Adam Schlesinger was a poet laureate of pure pop music. There was never a melody too bright, a lyrical conceit too playfully dumb, or a vibe full of radiation that he would shy away from. His sudden passing from COVID-19 means one of the brightest stars in the power-pop universe has suddenly dimmed.
Once in its thrall, these days I find the overriding message of '90s alt-rock especially naïve and even dangerous.
On their self-titled debut, Human Impact provide a soundtrack for this dislocated moment where both humanity and nature are crying out for relief.
The third time's the charm as Bay Area soul sextet Monophonics release their shiniest record yet in It's Only Us.
A power-trio of electric guitar, keyboards, and drums takes on the challenge of free improvisation—but using primarily elements of rock and electronica as strongly as the usual creative music or jazz. The result is focused.
"House Music All Night Long" is a song our inner, self-isolated freaks can jive to. JARV IS... cleverly captures how dazed and confused some of us may feel over the current pandemic, trapped in our homes.
What is the meaning of diversity in today's world? Russell Jacoby raises and addresses some pertinent questions in his latest work, On Diversity.
Phuc Tran's smart, tough memoir, Sigh, Gone, might launch a broken down kid to read 150 great books—for free, at the local library.
In J&K, John Pham explores perspectives in the psychological sense. Like Picasso, he views things from more than one angle.
If a time traveler from the past wanted to learn how to subvert democracy for a few million bucks, gerrymandering documentary Slay the Dragon would be a superb guide.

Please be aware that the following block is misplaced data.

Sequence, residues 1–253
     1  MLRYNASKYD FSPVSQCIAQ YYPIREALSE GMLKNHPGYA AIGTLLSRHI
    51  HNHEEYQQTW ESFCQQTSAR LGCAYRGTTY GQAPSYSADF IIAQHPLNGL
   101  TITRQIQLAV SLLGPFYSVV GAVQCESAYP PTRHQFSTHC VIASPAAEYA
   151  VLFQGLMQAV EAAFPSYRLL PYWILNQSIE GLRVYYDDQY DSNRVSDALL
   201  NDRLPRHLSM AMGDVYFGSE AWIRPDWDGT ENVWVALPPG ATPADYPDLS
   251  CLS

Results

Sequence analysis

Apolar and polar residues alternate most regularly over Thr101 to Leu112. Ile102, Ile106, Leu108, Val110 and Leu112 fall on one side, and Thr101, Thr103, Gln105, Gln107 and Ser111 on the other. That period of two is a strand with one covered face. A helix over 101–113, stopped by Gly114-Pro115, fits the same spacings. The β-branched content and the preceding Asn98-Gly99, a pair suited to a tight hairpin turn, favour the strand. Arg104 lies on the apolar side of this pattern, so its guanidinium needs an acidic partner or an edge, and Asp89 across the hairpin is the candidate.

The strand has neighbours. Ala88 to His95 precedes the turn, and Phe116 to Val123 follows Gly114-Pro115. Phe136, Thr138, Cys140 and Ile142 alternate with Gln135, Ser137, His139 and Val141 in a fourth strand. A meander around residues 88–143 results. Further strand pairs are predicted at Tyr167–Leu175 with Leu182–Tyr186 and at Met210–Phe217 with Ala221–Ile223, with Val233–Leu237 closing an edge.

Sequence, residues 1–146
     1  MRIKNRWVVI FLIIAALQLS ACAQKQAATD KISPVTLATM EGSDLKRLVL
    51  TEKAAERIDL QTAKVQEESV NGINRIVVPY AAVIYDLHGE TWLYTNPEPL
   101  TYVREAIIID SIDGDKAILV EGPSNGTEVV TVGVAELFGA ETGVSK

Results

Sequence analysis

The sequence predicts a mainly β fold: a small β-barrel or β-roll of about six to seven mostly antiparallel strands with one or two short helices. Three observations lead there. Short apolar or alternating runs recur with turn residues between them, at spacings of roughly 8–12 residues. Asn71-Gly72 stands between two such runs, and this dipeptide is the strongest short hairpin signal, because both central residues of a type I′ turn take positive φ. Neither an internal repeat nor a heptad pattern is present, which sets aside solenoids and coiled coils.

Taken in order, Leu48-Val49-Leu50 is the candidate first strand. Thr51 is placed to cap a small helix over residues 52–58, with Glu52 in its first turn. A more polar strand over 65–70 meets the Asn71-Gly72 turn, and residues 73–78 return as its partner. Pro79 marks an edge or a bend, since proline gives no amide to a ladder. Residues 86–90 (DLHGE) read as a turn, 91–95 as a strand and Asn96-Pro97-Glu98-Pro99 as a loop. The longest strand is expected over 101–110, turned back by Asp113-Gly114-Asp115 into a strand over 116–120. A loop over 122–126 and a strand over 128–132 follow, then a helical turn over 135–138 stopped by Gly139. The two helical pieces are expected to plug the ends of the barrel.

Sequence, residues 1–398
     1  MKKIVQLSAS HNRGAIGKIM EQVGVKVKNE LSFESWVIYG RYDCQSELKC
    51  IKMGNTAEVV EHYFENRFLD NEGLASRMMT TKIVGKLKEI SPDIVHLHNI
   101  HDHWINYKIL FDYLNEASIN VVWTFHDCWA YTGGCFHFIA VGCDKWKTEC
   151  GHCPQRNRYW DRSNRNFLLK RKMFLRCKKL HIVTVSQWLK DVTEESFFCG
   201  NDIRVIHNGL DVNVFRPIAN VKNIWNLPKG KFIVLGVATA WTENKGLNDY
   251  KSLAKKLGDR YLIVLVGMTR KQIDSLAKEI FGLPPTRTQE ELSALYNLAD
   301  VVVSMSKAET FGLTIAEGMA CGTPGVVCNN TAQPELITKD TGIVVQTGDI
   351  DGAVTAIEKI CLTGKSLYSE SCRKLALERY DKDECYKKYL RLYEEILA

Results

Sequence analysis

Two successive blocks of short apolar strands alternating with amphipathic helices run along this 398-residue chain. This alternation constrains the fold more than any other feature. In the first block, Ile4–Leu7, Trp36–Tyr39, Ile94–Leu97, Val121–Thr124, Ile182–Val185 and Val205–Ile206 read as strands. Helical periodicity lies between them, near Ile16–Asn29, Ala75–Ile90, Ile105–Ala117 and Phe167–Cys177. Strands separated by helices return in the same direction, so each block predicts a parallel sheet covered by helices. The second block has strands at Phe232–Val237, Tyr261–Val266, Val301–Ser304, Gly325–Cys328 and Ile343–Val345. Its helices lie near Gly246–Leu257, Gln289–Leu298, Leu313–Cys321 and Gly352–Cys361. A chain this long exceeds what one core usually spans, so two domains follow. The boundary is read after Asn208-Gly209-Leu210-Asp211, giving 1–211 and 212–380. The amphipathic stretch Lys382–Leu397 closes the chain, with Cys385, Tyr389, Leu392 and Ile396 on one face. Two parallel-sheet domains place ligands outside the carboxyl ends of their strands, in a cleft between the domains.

The character's in Claude Chabrol's The Third Lover, Line of Demarcation, and The Champagne Murders are obsessively doubled and mirrored, reflecting and refracting their hunger for sex, love, money, and power.
Boris Johnson admires the Mayor in Spielberg's Jaws. Remember him? He was the guy who wouldn't close the beaches -- and sacrifice that revenue source -- during a public crisis.
Lilly Hiatt sings about a different kind of love on "Some Kind of Drug". Hers is for a city and the impact gentrification has had its soul.
The sometimes Wilco and Richard Thompson sideman, in-demand producer, and songwriter, James Elkington, muses on why it's taking longer than he expects to achieve more in a week than most of us get done in a lifetime.
Canadian indie folkster Jennah Barry returns with her long-awaited sophomore album, Holiday, which takes on a looser, more relaxed approach.
Fotocrime's South of Heaven is interesting mostly in that it's one of the most mediocre rock records I've heard in a long time.
"Show Me Heaven" was another country. Maria McKee has moved to England, immersed herself in the Classics and turned away from the 21st century.